Robot Futures 2

Assignment due Monday, 25 November

Questions for Chapter 4: Attention Dilution Disorder

1. Legal-ethical boundary setting

Imagine a few years from now under the assumption that Google Glass – like devices catch on, whether by Google or others. We already have spoken about the “no face recognition” rule that Google has unilaterally imposed to draw boundaries around functionality. Consider and propose three other rules that companies or legislators may pronounce on these devices as they become more widespread. Note that you don’t need to like or agree with the rules- I’m asking you to predict the future the you think is likely, not a future that is desirable.


2. Another boundary question.

Now this one is more personal. Consider Google Now several years in the future. It can respond to your emails, continue phone conversations or start conversations for you, deal with social media requests, appointments, etc. It’s up to you to decide what you *do* want it to do for you, and when you want to be involved “manually.” For you, yourself, in a few years, assuming this technology is ready: what distribution of responsibilities would you strive for between your own responsibilities and your “AI” personal assistant’s responsibilities and actions? I am hoping you can name a few in each category, or create some sort of rule for how you decide which responsibility belongs where.



Robot Futures 1

Assignment due Wednesday, 20 November

We will be reading only two chapters this semester. For Wednesday, please read Chapter 1: New Mediocracy. For the following Monday (25 November) we will be reading Chapter 4: Attention Dilution Disorder.


Question for Chapter 1:

The core argument in this chapter is a remark about free will essentially: about how increasingly effective, customized marketing can undercut the concept of fair and free choice, whether in the arena of consumerism or even in the sphere of politics. For your reaction, I am curious whether you think that robotic sensing and action change this basic tension between “marketing advances” and free choice in any fundamental way, or is this nothing but incremental changes to the relationship between information, corporations and people? So, reflect on the chapter and explain whether you find this to be incremental or on the cusp of a major transformation in terms of power relationship, and why?

Robots, Law and Privacy

M. Ryan Calo
Robots and Privacy – draft book chapter

Professor Calo’s book chapter on robotics and privacy marks out important categories of privacy, relating from both society and law, that will potentially change disruptively as robots become even more common throughout society and home environs.  This chapter touches on ethics, but more important provides analysis across the privacy spectra, and this argument in turn inform consideration of the ethical ramifications of robotics when personal privacy and the related concept of personal freedom are part of the consideration.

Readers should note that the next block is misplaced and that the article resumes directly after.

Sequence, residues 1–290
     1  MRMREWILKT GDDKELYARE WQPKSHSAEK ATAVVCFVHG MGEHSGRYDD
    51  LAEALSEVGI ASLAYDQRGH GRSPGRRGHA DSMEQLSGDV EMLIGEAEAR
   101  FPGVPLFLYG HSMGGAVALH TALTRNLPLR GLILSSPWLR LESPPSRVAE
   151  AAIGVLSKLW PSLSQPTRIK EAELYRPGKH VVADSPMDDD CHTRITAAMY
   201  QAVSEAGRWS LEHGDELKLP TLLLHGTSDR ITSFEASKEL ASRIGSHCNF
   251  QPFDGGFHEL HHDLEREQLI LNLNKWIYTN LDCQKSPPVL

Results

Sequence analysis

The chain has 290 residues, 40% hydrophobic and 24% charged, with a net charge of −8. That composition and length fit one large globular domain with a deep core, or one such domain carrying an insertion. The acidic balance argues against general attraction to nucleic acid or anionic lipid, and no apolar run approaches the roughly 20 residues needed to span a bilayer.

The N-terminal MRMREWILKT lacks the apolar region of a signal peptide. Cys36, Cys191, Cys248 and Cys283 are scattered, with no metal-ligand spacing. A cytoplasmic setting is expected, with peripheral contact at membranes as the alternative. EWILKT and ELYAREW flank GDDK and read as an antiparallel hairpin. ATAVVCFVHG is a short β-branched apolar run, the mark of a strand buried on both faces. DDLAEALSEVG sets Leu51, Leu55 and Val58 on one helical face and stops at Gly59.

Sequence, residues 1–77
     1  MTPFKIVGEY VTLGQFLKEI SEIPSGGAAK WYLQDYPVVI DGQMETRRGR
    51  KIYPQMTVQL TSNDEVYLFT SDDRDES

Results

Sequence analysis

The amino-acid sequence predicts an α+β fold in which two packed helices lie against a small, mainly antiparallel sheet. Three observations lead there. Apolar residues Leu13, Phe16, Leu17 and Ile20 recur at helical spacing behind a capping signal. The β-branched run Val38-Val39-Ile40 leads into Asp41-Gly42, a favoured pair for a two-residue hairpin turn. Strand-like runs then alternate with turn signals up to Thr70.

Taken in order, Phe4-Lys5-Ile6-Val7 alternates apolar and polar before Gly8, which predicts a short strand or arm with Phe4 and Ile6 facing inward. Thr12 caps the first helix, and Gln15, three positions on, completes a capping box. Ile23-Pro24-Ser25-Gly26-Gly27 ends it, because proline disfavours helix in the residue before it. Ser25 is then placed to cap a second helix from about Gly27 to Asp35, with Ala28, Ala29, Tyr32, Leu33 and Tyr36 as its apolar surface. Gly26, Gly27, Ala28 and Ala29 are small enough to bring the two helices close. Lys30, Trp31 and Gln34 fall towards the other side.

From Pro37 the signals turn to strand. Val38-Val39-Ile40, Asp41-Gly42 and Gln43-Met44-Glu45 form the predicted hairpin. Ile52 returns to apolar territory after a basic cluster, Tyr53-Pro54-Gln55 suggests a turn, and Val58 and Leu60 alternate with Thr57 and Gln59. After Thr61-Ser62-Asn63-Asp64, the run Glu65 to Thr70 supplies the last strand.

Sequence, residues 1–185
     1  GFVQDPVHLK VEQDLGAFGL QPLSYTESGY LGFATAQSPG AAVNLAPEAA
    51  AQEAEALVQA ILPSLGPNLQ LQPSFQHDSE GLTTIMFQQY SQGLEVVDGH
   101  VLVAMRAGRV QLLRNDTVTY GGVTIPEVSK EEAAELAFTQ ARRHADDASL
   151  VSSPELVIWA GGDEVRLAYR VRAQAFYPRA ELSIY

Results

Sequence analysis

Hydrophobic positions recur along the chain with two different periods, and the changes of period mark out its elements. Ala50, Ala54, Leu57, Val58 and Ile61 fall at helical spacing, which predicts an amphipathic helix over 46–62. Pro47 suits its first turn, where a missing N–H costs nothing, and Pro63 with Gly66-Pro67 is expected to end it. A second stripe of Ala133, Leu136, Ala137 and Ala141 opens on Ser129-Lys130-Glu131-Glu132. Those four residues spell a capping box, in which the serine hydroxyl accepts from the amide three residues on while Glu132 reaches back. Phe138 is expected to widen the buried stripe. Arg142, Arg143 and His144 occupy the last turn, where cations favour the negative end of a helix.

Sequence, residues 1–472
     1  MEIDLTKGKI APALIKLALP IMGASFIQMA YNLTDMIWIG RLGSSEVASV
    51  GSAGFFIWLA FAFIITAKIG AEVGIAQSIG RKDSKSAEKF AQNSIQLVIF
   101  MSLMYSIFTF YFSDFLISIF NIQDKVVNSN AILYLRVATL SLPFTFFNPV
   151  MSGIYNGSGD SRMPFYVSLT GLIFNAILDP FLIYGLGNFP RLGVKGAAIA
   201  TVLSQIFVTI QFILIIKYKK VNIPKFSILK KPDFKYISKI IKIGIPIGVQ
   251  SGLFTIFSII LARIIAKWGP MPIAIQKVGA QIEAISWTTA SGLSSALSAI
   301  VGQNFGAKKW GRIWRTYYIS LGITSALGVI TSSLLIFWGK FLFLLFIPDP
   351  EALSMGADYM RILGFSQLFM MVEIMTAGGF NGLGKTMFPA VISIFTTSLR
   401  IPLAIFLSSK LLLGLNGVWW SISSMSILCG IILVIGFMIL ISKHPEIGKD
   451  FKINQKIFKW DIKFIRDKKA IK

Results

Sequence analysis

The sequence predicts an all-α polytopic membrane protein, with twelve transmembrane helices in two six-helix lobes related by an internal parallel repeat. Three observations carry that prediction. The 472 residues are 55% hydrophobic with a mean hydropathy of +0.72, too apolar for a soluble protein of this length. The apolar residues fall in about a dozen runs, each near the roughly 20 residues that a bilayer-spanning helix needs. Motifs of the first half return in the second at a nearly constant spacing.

1. page 8-9: Prof. Calo recalls the work of Weizenbaum in considering the future impact of voice recognition technologies as funded by the Office of Naval Research decades ago.  His suggestion is that there are ethical considerations at play in how advancing robotic technologies chain us toward a possible future where robots have negative ethical impact.  What can you suggest as concrete examples of such ethically worst-case future scenarios?  Draw a line from today’s research (be as specific as possible) to your conjectured future, and describe the repercussions in an ethical framework.


2. pp 18-20; Calo states that people respond to social machines as if a person were present, and he goes on to describe how people avoid damaging machines, and exhibit other signs of following anthropocentric social conventions even when interacting with such machines.  How do you respond to these claims? Agree and justify or disagree and explain.  In either case, consider other interactive devices (e.g. mobile phones, computer, etc.) and see if you can provide evidence for your point of view by considering human behavior with other systems in today’s society.


Robot Servitude

Stephen Petersen. The Ethics of Robot Servitude.

This article provides an application of both Kantian and Aristotelean ethical analyses to the question of whether it is appropriate for humans to create robots that serve us. Questions arise both from the manner in which Petersen anthropomorphizes the concept of programmed robots, and also from the way in which he applies ethical frameworks to the question he proposes to answer.

1. Petersen defines Engineered Robot Servitude on page 3.  Critique the definition itself.  Describe at least two potential problems you can find with the definition wording and propose an alternative wording that you believe more accurately captures the concept of ERS as you would interpret it.

2. Petersen also states on page 3 that post-identity modification is inherently wrong, not only in humans but in robots also.  I could construct a counter-argument that robots, as programmable computers, have the very identity designed for continual modification.  Writing, compiling and executing new computer code is how we do modification to robots and computers all the time, and this does not strike me in itself as unctonroversially wrong.  If you agree with me, then how does the concept of identity relate to a programmable robot as opposed to a human?  If you disagree with me, then motivate your agreement with Petersen (or your subtle middle ground).